Here are several of my favourite GPP workouts:

GPP #1

  • Burpees x 30 sec
  • Jumping Jacks x 30 sec
  • High Knee Alternating Dumbbell Press x 30 sec
  • Medicine Ball Slams x 30 sec

Repeat the circuit 5 times without rest for a total of 10 minutes work.

GPP #2

  • Sled Push x 50 m
  • Kettlebell Farmers Walk x 50 m
  • Jumping Jacks x 20

Complete as many circuits as possible in 20 minutes.

GPP #3

  • Kettlebell Swings x 20
  • Jumping Jacks x 10
  • Kettlebell Swings x 20
  • Burpees x 10
  • Kettlebell Swings x 20
  • Mountain Climbers x 10 (each leg)

Complete as many circuits as possible in 15 minutes.

GPP #4

  • Jump Rope (100 turns)
  • Burpees x 10
  • Push-ups 10
  • Air Squats x 10

Repeat circuit for 10 rounds as quickly as possible.

GPP #5

  • Burpees x 30 sec
  • Jumping Jacks x 30 sec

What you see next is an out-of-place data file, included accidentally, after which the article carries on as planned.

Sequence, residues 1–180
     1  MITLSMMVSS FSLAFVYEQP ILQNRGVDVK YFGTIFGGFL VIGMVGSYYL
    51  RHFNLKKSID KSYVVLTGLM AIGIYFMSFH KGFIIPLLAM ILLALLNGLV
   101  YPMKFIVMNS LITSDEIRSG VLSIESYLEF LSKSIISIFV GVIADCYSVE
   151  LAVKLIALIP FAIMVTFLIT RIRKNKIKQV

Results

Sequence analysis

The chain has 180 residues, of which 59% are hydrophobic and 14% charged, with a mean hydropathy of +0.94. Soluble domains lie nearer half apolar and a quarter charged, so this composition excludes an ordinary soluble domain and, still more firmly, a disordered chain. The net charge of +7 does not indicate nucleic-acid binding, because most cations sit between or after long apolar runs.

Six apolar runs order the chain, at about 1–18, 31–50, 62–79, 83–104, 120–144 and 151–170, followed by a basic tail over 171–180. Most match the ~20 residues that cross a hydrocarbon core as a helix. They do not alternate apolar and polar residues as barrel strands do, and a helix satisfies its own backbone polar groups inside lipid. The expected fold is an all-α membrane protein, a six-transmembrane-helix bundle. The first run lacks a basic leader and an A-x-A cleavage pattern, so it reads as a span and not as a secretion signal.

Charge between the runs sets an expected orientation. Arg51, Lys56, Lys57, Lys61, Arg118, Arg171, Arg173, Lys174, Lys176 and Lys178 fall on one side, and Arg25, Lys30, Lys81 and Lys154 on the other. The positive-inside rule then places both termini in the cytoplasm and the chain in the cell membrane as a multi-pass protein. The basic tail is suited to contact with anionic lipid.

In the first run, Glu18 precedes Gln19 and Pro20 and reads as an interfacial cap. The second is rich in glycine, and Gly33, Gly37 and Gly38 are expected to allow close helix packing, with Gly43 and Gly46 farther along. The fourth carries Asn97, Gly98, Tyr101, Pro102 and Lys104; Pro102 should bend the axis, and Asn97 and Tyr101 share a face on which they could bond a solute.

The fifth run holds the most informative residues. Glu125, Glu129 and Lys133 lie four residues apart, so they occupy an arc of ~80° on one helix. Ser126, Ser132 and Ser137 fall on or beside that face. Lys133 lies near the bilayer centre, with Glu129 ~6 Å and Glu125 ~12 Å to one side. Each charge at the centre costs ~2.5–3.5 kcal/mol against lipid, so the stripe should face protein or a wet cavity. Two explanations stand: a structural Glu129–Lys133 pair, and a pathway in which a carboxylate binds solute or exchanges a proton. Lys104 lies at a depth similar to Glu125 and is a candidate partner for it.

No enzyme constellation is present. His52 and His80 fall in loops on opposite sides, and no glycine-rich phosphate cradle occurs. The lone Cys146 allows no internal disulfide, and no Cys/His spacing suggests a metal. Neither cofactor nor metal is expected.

Repeat circuit for the time as listed below without rest. That is one round.

Beginner

  • Complete 4 x 2 minute rounds with 1 minute rest between rounds.

Intermediate

  • Complete 6 x 2 minute rounds with 1 minute rest between rounds; or
  • Complete 4 x 3 minute rounds with 1 minute rest between rounds.

Advanced

  • Complete 6 x 3 minute rounds with 1 minute rest between rounds.

Five… or seven basic human movement patterns

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Commonly, when you talk to somebody in the gym about programming or training they will always tell you how much they can bench or sometimes how often they squat.